Monday, April 4, 2011

A client teaches me about letting go

“Have you ever read the Dice Man?” Ana asked.

Ana is my client. She is a woman in her mid-twenties just getting out of a passionate and tumultuous relationship. In the wake of the break-up she has been thinking about excitement and attraction vs stability and safety. Like most people, she wants both but has found it difficult to find the balance.
The Dice Man is a novel that was fashionable in the 1970s about a bored psychiatrist who begins making decisions based on the role of the dice. His method is to write out a list of options and then let the dice decide which one to take. Thus, he controls the parameters but the dice ultimately make the decision. The theory is that by listing options that you wouldn’t normally choose along with more conventional choices allows expression of parts of the personality that you usually doesn’t allow to see the light of day.

“Yeah, I read it,” I said.
“What did you think?”
“I’ve used the dice to determine what I do on a Saturday night, but I don’t recommend making major life decisions this way.”
“The Dice Man wasn’t reliable.”
 “No, he wasn’t. He left his wife because the dice told him to.”
“I want someone who is reliable”.
“But you knew that [dude she broke up with] wasn’t reliable from the beginning.”
“Yeah, I know.”
“The thing is I don’t want to always have to be reliable. I mean I am reliable. I was brought up this way. But what if I don’t always want to be there for the other person?”

Ana was wrestling with seeing life in grays instead of in black and white. There are parts of her that crave safety and reliability in a man, and other parts that want passion and wildness. Similarly, there are parts of her that like to be reliable and others that want to be wild and unpredictable.

“The crazy thing,” she said, “is that I have been watching myself and I can change pretty drastically in the span of a few minutes. This morning I felt sad about the break-up for a while, but I didn’t fight it and it went away.”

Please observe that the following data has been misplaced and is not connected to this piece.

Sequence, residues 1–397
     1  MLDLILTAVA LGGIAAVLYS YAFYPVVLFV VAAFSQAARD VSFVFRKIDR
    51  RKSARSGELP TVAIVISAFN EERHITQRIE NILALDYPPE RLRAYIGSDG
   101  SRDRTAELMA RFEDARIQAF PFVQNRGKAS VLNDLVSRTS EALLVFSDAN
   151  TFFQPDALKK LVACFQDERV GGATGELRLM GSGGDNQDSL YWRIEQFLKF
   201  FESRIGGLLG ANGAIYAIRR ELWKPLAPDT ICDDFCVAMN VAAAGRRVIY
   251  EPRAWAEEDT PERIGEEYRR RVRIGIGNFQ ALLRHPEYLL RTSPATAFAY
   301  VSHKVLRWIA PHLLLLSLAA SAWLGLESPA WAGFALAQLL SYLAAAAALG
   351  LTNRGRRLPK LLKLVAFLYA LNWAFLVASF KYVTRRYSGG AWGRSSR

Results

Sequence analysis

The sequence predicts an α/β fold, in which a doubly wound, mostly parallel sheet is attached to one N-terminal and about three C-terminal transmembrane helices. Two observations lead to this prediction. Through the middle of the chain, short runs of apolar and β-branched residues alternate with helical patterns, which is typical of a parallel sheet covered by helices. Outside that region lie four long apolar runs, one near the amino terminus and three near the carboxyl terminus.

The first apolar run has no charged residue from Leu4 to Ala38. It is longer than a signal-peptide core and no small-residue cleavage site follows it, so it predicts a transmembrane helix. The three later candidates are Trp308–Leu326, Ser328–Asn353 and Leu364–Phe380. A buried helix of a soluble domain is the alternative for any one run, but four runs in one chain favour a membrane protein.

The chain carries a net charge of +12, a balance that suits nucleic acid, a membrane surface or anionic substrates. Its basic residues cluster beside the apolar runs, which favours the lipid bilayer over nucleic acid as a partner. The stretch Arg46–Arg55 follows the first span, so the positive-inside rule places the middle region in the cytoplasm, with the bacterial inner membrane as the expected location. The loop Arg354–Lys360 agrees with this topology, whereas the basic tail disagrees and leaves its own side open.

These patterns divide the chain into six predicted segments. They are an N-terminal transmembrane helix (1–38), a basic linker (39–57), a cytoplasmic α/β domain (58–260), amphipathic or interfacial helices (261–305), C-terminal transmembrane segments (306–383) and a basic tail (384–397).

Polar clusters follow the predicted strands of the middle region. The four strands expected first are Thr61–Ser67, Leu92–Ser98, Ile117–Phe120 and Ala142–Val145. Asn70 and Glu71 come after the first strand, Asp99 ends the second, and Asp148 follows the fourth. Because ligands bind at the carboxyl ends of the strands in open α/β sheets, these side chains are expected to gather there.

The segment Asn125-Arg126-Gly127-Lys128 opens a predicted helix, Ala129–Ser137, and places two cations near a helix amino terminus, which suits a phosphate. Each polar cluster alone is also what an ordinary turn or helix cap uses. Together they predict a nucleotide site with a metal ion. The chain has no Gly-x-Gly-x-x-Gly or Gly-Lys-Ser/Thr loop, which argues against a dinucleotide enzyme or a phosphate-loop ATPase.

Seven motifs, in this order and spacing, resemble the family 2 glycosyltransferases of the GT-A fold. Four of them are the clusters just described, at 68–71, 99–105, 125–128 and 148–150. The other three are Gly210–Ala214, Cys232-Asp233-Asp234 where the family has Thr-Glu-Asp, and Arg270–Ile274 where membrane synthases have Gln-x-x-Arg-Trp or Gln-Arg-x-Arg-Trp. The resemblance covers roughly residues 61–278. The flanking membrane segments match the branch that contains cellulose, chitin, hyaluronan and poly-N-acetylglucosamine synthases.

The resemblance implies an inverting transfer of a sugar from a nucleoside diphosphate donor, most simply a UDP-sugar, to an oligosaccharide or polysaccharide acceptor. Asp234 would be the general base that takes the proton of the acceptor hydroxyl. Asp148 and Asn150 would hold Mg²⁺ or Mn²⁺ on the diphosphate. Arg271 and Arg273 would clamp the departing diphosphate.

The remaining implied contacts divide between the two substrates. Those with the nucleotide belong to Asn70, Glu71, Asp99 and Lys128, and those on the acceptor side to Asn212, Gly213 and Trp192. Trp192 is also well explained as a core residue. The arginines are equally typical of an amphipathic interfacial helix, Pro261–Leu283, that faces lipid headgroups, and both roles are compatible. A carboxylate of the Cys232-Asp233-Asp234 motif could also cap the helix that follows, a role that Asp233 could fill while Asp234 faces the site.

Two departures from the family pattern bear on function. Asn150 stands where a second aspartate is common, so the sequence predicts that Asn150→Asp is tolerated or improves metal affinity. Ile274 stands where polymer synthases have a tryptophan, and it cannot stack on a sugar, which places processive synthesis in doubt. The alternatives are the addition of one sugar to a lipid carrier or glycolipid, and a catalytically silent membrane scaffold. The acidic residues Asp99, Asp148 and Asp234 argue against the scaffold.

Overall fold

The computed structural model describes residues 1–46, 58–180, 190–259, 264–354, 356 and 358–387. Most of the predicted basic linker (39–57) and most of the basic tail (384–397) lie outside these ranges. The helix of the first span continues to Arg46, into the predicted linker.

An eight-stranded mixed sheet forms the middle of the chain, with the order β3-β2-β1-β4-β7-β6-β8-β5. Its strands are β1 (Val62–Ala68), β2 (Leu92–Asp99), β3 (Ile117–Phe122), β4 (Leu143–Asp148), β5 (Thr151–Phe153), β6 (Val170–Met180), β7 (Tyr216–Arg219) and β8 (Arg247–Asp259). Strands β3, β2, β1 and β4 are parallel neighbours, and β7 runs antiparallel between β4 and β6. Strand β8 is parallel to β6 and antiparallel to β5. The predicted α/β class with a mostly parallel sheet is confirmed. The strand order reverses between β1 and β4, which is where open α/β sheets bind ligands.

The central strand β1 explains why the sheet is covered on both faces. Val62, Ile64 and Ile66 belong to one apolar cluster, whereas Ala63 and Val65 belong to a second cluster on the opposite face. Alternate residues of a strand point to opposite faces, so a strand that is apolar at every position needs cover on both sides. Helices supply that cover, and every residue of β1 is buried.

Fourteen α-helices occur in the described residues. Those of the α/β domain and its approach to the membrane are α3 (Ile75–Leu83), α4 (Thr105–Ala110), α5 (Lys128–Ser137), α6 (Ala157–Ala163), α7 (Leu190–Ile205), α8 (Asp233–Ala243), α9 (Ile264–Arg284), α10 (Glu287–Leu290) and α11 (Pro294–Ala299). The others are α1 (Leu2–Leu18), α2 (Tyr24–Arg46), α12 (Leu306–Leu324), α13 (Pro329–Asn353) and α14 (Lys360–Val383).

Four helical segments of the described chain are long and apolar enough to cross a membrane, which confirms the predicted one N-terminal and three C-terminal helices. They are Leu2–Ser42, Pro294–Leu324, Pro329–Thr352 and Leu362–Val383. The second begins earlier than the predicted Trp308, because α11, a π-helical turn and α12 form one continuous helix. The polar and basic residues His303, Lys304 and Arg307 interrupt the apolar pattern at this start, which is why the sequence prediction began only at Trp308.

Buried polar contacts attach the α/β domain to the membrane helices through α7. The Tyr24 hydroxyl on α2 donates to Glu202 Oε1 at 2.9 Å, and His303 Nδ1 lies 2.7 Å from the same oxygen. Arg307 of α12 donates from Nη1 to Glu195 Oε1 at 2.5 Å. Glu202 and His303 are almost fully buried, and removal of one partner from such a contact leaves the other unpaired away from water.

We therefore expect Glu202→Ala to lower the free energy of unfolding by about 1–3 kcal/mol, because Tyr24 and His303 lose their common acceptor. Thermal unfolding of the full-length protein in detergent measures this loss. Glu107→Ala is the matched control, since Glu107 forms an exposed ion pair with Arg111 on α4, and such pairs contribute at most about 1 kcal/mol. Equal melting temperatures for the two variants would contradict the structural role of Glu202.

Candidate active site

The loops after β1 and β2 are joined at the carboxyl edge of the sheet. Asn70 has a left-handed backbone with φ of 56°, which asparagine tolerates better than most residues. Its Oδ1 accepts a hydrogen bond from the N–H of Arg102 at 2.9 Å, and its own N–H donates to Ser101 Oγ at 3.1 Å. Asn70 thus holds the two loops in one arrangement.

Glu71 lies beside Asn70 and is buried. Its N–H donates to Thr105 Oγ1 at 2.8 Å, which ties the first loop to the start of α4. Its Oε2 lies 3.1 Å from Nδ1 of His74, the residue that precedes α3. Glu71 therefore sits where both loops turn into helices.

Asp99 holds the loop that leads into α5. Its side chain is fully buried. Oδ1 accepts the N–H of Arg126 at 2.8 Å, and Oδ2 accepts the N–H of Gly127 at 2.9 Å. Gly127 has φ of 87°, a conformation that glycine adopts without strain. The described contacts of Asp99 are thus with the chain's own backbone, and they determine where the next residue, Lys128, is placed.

“Sounds like you are judging yourself less.” A few weeks ago, I pointed out to Ana how often she said she shouldn’t feel how she was feeling. I suggested dropping the shoulds and experimenting with letting herself experience her feelings more.

“I think of it as letting go,” she said. “You know, today I had this experience with this girl I work with. She is someone who I have felt like a mentor to. I am a little bit older, and I have worked at the job longer.  But now she got into law school which I have been thinking of applying to for a long time. And she got a date with this guy at work who I think is cute. I have been thinking about making a connection with him for a long time, but I just never did it.”

“How did that feel?” I hate this question, but sometimes it is appropriate.

“It’s funny. Normally, this would get me down. I would feel jealous. I would feel like I should have done what she did. But today it just struck me as kind of funny.”


 “Yeah, like I just didn’t take it so serious. She used to look up to me, and now life has us switching roles.

“The student has become the master.”


There had been a similar yet subtle shift in the roles between me and Ana. By accepting her experience and lightening up, she was teaching me to do the same. Learning from clients is one of the best parts of therapy, but it also brings up some anxiety about roles.  Should I be accepting money from someone who is teaching me?

Feeling more like a chatty friend having a philosophical conversation than her therapist, I said, “Have you ever had the experience where you feel really attractive and cool and then later in the same day something happens and you feel like a loser?”

“Yeah. But I am feeling less hung up on it. And being the loser isn’t all bad. When I feel like a loser, I don’t experience so much pressure.”

“We can’t be winners all the time, and it is stressful to try to always be at the top.”

“No. And letting myself be both…it feels so more peaceful.”

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